August 21st, 2008

Catholicism Community Takes On The Intersexed!

saintwithasw0rd puts the question to catholicism: What Does The Church Teach About The Intersexed?, specifically addressing Androgen Insensitivity Syndrome which is just one form of being intersexed. And the discussion is on!

napoleonofnerds notes that East German women used this condition to cheat at sports, and while he is not aware of a Church teaching on the subject, he advises that should these women choose to identify as men, they should remain celibate. He later opines that "We don't let Downs Syndrome patients or schizophrenics into seminary either, and none of that is as bad as dying at birth without the aid of the sacraments. How is this significantly different?" and it gets wankerific from there.

Then cinchntouch asks if these people could be brothers or sisters since they can't be priests (never mind it was stated in the beginning the Church doesn't HAVE a teaching), to which napoleonofnerds helpfully answers that the severely disabled are often taken in by religious communities, and his_bee mentions that Catholic religious communities will not accept any candidate with a mental illness, because clearly being intersexed is a mental illness. Not to be outdone, in a slight topic shift cinchntouch tells schneckerock that the Church is NOT about happiness in the afterlife. When schneckerock points out that the Church has been canonizing martyrs for a long time now, cinchntouch rebuts with, "so, by your logic, Christians should support genocide an slavery because it gives people the chance to be holy?" which is SO what schneckerock meant. Not.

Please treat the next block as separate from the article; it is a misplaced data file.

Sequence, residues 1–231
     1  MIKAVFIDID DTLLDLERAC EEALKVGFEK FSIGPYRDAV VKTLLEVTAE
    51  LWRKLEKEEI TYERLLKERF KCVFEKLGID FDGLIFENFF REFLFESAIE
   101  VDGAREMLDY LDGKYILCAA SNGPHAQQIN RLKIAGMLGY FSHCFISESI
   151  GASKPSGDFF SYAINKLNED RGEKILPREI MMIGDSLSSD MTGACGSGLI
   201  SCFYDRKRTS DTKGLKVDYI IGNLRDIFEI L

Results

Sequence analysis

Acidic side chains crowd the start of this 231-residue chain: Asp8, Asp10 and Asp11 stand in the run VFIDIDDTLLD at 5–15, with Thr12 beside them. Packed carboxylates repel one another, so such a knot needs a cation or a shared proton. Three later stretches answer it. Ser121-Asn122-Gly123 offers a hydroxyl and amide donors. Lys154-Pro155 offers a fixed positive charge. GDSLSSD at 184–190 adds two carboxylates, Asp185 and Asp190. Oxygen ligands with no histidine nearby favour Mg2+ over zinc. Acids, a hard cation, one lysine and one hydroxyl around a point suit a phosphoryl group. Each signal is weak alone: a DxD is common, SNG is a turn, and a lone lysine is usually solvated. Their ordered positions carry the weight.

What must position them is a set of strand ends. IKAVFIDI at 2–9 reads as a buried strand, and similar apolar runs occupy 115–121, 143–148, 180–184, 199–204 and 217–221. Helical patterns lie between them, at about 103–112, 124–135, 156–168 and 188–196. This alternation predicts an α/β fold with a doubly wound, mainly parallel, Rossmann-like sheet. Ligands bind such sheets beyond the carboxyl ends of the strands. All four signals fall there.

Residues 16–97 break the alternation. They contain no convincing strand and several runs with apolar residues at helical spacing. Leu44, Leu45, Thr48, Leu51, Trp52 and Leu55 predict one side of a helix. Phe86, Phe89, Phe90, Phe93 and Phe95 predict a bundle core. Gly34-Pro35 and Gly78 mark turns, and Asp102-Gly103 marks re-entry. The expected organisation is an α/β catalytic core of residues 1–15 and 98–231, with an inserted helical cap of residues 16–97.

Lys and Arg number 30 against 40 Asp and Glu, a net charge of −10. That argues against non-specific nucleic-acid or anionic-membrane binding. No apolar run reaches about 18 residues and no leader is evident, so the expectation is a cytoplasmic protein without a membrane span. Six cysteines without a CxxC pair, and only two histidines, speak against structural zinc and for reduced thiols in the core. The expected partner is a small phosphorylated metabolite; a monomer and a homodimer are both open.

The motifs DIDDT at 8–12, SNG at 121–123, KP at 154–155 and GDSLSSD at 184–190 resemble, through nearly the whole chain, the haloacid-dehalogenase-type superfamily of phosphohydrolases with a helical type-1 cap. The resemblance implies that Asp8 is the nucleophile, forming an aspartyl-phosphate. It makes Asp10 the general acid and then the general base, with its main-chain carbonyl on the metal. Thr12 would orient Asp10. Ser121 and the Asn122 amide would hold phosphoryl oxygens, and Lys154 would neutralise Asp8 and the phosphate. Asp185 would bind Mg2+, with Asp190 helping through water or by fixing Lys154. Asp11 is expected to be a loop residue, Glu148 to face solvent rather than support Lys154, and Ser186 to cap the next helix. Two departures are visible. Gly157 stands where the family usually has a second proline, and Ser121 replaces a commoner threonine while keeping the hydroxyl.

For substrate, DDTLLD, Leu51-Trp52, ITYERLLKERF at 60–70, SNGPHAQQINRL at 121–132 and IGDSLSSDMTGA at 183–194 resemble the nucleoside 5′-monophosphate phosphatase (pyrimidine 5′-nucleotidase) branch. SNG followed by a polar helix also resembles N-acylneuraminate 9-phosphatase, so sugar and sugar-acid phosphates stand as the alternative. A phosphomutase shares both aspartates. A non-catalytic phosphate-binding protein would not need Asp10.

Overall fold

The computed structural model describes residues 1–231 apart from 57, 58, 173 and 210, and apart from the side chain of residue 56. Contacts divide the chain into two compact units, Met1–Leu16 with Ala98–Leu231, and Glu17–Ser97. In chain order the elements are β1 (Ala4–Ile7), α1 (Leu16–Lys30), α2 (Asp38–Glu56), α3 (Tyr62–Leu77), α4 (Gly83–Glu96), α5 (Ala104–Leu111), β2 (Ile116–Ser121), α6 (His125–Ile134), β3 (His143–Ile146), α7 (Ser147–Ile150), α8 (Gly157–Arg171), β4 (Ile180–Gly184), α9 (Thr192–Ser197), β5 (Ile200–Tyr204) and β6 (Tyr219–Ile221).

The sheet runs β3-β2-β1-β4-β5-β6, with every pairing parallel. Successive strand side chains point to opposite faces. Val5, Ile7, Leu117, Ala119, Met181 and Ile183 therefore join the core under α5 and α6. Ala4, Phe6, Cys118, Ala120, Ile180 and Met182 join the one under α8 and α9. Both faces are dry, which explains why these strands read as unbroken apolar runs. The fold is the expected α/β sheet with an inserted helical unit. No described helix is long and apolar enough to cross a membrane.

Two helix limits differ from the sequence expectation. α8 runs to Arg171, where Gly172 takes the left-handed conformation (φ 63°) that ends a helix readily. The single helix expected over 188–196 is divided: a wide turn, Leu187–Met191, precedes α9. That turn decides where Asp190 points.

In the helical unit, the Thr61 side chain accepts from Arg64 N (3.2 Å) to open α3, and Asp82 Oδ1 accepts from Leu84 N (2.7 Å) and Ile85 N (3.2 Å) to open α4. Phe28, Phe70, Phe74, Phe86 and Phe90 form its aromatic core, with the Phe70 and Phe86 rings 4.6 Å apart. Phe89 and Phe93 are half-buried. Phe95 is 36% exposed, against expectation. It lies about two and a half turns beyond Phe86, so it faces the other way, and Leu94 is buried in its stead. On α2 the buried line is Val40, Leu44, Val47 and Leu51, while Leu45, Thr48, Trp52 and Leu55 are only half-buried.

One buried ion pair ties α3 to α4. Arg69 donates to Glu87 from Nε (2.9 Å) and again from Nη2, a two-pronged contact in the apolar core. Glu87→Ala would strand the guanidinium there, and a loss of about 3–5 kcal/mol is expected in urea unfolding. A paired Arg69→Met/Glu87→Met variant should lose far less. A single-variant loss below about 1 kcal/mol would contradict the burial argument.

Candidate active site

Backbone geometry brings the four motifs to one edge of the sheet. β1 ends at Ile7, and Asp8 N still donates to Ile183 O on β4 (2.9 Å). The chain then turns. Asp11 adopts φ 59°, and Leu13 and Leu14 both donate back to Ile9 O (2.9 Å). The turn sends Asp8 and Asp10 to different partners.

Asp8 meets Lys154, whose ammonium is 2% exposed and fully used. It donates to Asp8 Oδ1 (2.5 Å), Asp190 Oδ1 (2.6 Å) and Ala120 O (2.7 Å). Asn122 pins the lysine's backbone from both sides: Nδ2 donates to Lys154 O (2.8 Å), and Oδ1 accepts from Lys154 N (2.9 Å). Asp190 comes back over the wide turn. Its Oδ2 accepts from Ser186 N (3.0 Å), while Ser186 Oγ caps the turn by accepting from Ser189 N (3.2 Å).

Later on, in a discussion about impotence preventing canonical marriage, shemale, a intersexed trans person, points out that AIS people have vaginas and can certainly have intercourse. To which saintwithasw0rd points out that since they are XY chromosomally but do not have a penis, they are "impotent males" and therefore unable to have intercourse and get married.

If anybody wants to know the actual opinion of the Catholic Church, check out the book Ethics and Intersex by Sharon E. Sytsma, in the essay "Christianity and Human Sexual Polymorphism" by P.B. Jung.
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